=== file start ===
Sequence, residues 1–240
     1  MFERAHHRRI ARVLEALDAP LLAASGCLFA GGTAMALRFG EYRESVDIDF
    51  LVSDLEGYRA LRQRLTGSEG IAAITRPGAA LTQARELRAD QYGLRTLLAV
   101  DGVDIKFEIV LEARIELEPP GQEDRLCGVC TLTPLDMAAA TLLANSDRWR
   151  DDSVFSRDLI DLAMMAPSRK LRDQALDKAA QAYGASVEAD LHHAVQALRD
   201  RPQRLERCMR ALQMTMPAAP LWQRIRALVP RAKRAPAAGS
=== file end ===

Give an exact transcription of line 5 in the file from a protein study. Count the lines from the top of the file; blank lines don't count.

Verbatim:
   151  DDSVFSRDLI DLAMMAPSRK LRDQALDKAA QAYGASVEAD LHHAVQALRD